Commenced in January 2007
Frequency: Monthly
Edition: International
Paper Count: 2

point of care testing Related Abstracts

2 Exploring the Issue of Occult Hypoperfusion in the Pre-Hospital Setting

Authors: A. Fordham, A. Hudson


Background: Studies have suggested 16-25% of normotensive trauma patients with no clinical signs of shock have abnormal lactate and BD readings evidencing shock; a phenomenon known as occult hypoperfusion (OH). In light of the scarce quantity of evidence currently documenting OH, this study aimed to identify the prevalence of OH in the pre-hospital setting and explore ways to improve its identification and management. Methods: A quantitative retrospective data analysis was carried out on 75 sets of patient records for trauma patients treated by Kent Surrey Sussex Air Ambulance Trust between November 2013 and October 2014. The KSS HEMS notes and subsequent ED notes were collected. Trends between patients’ SBP on the scene, whether or not they received PRBCs on the scene as well as lactate and BD readings in the ED were assessed. Patients’ KSS HEMS notes written by the HEMS crew were also reviewed and recorded. Results: -Suspected OH was identified in 7% of the patients who did not receive PRBCs in the pre-hospital phase. -SBP heavily influences the physicians’ decision of whether or not to transfuse PRBCs in the pre-hospital phase. Preliminary conclusions: OH is an under-studied and underestimated phenomenon. We suggest a prospective trial is carried out to evaluate whether detecting trauma patients’ tissue perfusion status in the pre-hospital phase using portable devices capable of measuring serum BD and/or lactate could aid more accurate detection and management of all haemorrhaging trauma patients, including patients with OH.

Keywords: Trauma, occult hypoperfusion, PRBC transfusion, point of care testing, pre-hospital emergency medicine

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1 Blood Ketones as a Point of Care Testing in Paediatric Emergencies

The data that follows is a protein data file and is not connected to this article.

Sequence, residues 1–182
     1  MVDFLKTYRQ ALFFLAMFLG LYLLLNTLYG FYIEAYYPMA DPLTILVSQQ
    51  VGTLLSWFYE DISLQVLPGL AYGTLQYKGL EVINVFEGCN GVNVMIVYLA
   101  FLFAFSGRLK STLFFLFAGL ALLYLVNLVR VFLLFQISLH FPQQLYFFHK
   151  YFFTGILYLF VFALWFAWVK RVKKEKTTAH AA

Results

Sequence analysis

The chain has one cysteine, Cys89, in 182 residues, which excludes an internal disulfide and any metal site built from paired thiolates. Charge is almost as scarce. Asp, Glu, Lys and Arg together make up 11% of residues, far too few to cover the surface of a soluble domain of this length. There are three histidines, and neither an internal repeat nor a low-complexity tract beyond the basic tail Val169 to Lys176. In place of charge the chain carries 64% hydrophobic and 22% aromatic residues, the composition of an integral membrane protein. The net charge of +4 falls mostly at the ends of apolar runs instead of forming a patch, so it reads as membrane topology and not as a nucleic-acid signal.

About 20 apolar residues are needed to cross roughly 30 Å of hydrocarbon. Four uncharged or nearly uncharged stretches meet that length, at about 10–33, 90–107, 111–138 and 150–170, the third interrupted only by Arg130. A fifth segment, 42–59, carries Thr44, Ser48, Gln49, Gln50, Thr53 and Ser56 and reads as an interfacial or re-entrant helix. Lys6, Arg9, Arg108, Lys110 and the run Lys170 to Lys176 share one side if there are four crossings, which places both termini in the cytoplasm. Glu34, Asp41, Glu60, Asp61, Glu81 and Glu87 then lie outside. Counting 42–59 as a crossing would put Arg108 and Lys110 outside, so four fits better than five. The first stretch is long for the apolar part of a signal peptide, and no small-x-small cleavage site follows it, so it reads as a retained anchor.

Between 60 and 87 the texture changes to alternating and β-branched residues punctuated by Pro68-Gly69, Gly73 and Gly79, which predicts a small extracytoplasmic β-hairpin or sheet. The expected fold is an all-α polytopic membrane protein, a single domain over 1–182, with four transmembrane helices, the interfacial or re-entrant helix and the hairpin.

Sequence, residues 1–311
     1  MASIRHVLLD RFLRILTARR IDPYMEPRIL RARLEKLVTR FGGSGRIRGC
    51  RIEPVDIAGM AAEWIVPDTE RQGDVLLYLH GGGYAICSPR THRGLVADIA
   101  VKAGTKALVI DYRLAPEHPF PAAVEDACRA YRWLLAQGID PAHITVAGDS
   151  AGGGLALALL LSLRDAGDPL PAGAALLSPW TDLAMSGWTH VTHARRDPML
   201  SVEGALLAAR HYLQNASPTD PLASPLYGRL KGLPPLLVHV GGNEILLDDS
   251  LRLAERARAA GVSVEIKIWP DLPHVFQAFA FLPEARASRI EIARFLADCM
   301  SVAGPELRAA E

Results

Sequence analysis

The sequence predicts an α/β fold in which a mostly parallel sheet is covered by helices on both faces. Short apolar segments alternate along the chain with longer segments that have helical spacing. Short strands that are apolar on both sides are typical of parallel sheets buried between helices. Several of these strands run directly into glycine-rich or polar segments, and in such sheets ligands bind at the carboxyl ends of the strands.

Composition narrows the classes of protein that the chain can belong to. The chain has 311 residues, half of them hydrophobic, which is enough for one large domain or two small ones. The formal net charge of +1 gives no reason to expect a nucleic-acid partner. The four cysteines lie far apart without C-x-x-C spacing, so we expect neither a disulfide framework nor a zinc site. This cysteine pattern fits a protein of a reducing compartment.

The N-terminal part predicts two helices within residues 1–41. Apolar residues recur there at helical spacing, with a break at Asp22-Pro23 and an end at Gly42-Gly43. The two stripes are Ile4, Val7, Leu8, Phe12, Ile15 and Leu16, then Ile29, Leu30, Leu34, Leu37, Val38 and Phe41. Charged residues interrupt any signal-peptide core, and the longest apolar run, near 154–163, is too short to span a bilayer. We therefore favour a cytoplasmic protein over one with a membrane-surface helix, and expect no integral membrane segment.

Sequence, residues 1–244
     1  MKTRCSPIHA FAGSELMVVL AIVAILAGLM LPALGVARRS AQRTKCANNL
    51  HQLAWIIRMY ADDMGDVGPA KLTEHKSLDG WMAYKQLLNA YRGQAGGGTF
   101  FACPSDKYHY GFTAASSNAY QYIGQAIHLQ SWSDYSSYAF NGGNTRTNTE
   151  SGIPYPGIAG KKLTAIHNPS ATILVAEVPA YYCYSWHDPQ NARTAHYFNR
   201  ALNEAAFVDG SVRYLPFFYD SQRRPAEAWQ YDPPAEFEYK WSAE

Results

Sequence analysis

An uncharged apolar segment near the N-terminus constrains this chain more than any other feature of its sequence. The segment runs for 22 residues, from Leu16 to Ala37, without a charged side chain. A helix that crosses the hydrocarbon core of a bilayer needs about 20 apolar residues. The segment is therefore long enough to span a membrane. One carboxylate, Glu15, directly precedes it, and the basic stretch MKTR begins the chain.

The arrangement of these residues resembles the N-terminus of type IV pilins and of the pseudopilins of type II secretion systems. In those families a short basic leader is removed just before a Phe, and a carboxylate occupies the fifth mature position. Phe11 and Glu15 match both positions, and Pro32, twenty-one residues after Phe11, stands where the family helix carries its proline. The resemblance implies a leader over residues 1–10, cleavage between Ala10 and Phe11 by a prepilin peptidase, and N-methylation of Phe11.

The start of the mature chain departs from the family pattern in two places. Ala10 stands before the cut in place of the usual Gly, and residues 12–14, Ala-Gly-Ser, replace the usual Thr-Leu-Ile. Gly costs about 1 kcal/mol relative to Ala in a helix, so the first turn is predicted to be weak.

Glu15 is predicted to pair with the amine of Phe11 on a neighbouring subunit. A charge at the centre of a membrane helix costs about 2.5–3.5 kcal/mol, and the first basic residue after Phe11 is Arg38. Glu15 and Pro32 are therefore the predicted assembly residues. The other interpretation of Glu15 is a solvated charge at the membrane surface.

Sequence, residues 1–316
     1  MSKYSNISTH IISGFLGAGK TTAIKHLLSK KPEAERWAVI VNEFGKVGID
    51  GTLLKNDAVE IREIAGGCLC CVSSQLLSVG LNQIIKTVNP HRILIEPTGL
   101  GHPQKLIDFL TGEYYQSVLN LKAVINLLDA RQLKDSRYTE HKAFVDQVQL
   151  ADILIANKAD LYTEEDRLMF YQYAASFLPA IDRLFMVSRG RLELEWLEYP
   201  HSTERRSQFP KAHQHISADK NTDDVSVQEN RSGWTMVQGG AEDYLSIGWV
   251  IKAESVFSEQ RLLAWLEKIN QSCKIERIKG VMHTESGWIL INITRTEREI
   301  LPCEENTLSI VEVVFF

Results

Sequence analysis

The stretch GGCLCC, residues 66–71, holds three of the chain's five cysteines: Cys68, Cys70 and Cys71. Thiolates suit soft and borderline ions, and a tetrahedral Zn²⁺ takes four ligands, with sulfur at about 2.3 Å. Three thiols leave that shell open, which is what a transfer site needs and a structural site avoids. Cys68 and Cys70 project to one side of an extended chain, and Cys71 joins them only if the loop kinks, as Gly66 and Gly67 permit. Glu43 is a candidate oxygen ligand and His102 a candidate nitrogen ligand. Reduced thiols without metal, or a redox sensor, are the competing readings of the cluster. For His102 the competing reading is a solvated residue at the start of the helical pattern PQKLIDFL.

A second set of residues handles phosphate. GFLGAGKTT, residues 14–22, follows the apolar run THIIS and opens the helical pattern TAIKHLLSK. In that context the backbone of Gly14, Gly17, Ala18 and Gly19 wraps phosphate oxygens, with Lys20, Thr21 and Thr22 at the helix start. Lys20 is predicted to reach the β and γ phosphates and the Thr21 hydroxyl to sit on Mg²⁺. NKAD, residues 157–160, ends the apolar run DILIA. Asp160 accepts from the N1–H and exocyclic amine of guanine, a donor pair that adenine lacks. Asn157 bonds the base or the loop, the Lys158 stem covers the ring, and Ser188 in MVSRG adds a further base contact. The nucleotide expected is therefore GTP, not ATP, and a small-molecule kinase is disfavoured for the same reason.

Authors: Geetha Jayapathy, Lakshmi Muthukrishnan, Manoj Kumar Reddy Pulim, Radhika Raman


Introduction: Ketones are the end products of fatty acid metabolism and a source of energy for vital organs such as the brain, heart and skeletal muscles. Ketones are produced in excess when glucose is not available as a source of energy or it cannot be utilized as in diabetic ketoacidosis. Children admitted in the emergency department often have starvation ketosis which is not clinically manifested. Decision on admission of children to the emergency room with subtle signs can be difficult at times. Point of care blood ketone testing can be done at the bedside even in a primary level care setting to supplement and guide us in our management decisions. Hence this study was done to explore the utility of this simple bedside parameter as a supplement in assessing pediatric patients presenting to the emergency department. Objectives: To estimate blood ketones of children admitted in the emergency department. To analyze the significance of blood ketones in various disease conditions. Methods: Blood ketones using point of care testing instrument (ABOTTprecision Xceed Pro meters) was done in patients getting admitted in emergency room and in out-patients (through sample collection centre). Study population: Children aged 1 month to 18 years were included in the study. 250 cases (In-patients) and 250 controls (out-patients) were collected. Study design: Prospective observational study. Data on details of illness and physiological status were documented. Blood ketones were compared between the two groups and all in patients were categorized into various system groups and analysed. Results: Mean blood ketones were high in in-patients ranging from 0 to 7.2, with a mean of 1.28 compared to out-patients ranging from 0 to 1.9 with a mean of 0.35. This difference was statistically significant with a p value < 0.001. In-patients with shock (mean of 4.15) and diarrheal dehydration (mean of 1.85) had a significantly higher blood ketone values compared to patients with other system involvement. Conclusion: Blood ketones were significantly high (above the normal range) in pediatric patients who are sick requiring admission. Patients with various forms of shock had very high blood ketone values as found in diabetic ketoacidosis. Ketone values in diarrheal dehydration were moderately high correlating to the degree of dehydration.

Keywords: point of care testing, admission, blood ketones, paediatric emergencies

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